No. However, ESPA advises transportation providers to allow service animals in training to ride their buses as long as the animal is under the control of the handler. This is the way service animals learn to behave appropriately while on public transit. It is also a necessary step in the training process, which may cause the animal to be rejected as a service animal if it is afraid of buses or trains.

If the task is vague, or sounds like something that would describe a comfort animal, then it is probably a pet. However, err on the side of assuming that it's a service animal to be safe. Operators should make this determination quickly, and make a quick decision. If the animal is under control and there is a doubt about whether they are a pet or service animal, go ahead and transport them. For future trips, if there is considerable doubt, bring management into the picture.

No, it is up to you to put this in your policy, if it is your policy to charge the person for the mess. To be safe, the policy should cover both service animals and other kinds of messes.

It could be. Follow the general policy for cleaning a biohazard on the bus.

The Federal Transit Administration requires that transit agencies provide transportation for all people with disabilities, and must carry the wheelchair and occupant if the lift and vehicle can accommodate the wheelchair and occupant. The best way to figure this out is to try to board the person. Transit operators can request to test this before a trip if there are legitimate concerns about the ability to get that person on the bus. If the operator is unable to safely board the passenger with their mobility device, based on legitamate concerns related space or weight capacity of the equipment, the passenger could be notified that he or she cannot be carried. Any denial of service to a passenger must be documented and a detailed description of the reason for denial must be kept on file and provided to the passenger.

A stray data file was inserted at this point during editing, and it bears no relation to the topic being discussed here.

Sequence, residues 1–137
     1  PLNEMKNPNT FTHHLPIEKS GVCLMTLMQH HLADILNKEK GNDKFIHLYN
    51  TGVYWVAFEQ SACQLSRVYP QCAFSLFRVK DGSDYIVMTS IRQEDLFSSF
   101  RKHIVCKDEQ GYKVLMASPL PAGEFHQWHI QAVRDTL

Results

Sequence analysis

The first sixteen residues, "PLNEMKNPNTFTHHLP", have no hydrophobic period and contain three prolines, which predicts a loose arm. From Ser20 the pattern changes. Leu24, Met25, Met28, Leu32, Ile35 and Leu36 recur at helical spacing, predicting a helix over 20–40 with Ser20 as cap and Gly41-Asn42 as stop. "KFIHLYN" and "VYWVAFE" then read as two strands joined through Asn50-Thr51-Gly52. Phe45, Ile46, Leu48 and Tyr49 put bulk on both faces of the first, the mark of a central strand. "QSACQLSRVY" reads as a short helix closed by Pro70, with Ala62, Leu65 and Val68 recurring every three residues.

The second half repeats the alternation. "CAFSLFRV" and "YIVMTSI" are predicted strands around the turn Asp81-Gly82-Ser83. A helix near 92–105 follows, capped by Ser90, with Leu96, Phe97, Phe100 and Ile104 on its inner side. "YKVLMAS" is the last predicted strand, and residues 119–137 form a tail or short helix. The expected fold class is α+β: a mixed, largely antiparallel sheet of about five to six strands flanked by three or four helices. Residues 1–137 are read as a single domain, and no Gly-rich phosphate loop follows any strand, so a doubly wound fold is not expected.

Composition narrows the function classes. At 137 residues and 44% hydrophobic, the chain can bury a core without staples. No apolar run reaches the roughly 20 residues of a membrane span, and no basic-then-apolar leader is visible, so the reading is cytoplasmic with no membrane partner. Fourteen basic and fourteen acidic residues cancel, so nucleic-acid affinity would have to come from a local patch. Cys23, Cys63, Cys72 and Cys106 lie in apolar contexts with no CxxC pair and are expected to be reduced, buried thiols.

Generally, yes. There may need to be some assessment on a case-by-case basis. If the customer can stand on the lift and maintain balance by using handrails or assistance from the operator while the lift is in motion, then there is no reason to deny the person the ability to board in that manner. If there is a safety concern, make sure that it is made on evidence rather than assumption of ability.

The design load of the lift must be a minimum of 600 pounds. Wheelchair lifts can accommodate weights up to, and usually beyond, the manufacturer's recommendations.